NEWS
April 7, 2016 | By Jason Laughlin and Caitlin McCabe, STAFF WRITERS
A failure to follow one or more safety rules designed to protect rail workers likely played a role in the Amtrak crash that killed two men Sunday, sources with knowledge of the crash said. The National Transportation Safety Board has said the communication between dispatchers and the work crew on the track will be one of the factors examined in the investigation. On Tuesday, several sources said a possible focus was on the failure to properly secure the permission that work crews need to safely access tracks.
ENTERTAINMENT
April 6, 2016
DEAR ABBY: Last week, one of my associates asked me out for drinks. I have been working with him for the same length of time that I have been married. I know he's interested because he has been texting me about unrelated work things and is always flirting. I am very much in love with my husband, but my coworker is very tempting. I'm worried about hurting my husband, but at the same time, I'm excited about what this new man can offer me. Did I mention that he's the top lawyer of the firm?
NEWS
April 6, 2016
WITH $9.7 billion in capital projects being proposed by the Kenney administration over the next six years, every taxpayer should know what a Project Labor Agreement is, because PLAs, as they are commonly called, will determine who gets those billions in public money. A PLA is a collective bargaining agreement between a government agency and labor organizations. PLAs establish the terms of employment for specific construction projects. Building trade unions say PLAs are good. Non-union shops say they're bad. That's because PLAs do two things: They keep unionized workers from engaging in labor disputes that can drive up the costs on taxpayer-funded construction projects, and they often keep nonunionized workers from ever getting on the job in the first place.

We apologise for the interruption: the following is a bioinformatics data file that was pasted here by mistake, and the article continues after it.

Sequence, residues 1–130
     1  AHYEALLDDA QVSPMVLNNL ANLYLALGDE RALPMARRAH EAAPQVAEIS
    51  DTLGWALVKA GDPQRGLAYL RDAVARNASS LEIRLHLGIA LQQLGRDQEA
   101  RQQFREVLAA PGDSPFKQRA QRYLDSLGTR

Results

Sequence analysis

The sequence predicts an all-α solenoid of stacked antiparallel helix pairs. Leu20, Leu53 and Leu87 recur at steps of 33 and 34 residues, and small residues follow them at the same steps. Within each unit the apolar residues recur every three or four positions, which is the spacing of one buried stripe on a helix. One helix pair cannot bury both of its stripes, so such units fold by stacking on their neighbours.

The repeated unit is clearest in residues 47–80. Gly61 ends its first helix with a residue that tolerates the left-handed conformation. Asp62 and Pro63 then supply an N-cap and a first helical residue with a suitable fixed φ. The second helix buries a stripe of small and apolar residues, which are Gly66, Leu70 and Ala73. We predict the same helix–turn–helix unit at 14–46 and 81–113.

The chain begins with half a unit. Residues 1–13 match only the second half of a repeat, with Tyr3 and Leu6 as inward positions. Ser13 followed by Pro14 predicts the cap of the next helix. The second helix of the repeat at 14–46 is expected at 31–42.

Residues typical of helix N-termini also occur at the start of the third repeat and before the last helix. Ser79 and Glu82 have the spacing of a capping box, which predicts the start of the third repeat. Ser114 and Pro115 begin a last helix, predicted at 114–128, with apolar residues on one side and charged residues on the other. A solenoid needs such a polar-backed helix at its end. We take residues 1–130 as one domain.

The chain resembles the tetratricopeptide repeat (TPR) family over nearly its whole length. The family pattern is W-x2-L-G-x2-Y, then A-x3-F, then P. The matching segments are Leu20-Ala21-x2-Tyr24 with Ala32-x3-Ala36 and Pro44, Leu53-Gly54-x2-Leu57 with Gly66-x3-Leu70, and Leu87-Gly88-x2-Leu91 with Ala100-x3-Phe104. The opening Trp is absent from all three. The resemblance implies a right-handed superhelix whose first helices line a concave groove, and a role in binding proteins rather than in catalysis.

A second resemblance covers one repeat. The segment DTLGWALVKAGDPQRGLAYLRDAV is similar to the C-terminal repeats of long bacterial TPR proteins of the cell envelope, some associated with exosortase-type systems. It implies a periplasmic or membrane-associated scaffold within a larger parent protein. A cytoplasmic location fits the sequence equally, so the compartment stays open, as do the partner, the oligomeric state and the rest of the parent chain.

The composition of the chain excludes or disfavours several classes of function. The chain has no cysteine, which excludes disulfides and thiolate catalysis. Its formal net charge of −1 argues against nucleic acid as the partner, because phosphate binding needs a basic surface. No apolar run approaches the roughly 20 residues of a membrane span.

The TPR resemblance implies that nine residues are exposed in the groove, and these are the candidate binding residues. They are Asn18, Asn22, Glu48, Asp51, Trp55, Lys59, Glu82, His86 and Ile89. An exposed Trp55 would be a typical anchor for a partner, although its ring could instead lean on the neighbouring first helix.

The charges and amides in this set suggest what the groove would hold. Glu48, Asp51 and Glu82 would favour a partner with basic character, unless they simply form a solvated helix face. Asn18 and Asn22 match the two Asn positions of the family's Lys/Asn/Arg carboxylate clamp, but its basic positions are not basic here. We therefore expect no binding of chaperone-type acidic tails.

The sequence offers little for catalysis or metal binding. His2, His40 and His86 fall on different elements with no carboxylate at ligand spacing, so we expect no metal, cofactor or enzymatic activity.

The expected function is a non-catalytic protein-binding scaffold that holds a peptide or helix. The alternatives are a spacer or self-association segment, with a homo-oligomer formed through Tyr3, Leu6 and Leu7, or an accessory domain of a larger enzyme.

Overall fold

BUSINESS
April 6, 2016 | By Jane M. Von Bergen, Staff Writer
Nearly 10 years ago, Delores Killingsworth Barber, then 25 and an employee at a Roosevelt Boulevard Walmart, took the witness stand in a Philadelphia courtroom and told a judge and jury that the retail giant was "stealing our time. " It got worse during the holidays, when, she testified, workers were told to "do whatever it takes to get it done, and if that meant missing your break, that's what had to be done. " Many years and boxes of legal documents later, the workers should be paid for those missed breaks.
BUSINESS
April 4, 2016 | By Joseph N. DiStefano, Staff Writer
'Give me a broken system, and I see the problem really easily," says Mark Jessen , a Palo Alto, Calif.-based IT technology consultant for global business-software maker SAP , on a visit last week to the company's North America headquarters in Newtown Square. Jessen is one of 100 people SAP has hired in its Autism at Work program since 2012. The first few hires were in India. SAP says it has developed supports to help autistic people cope with office demands they may find stressful, so they can apply their abilities to fixing software errors and other tasks.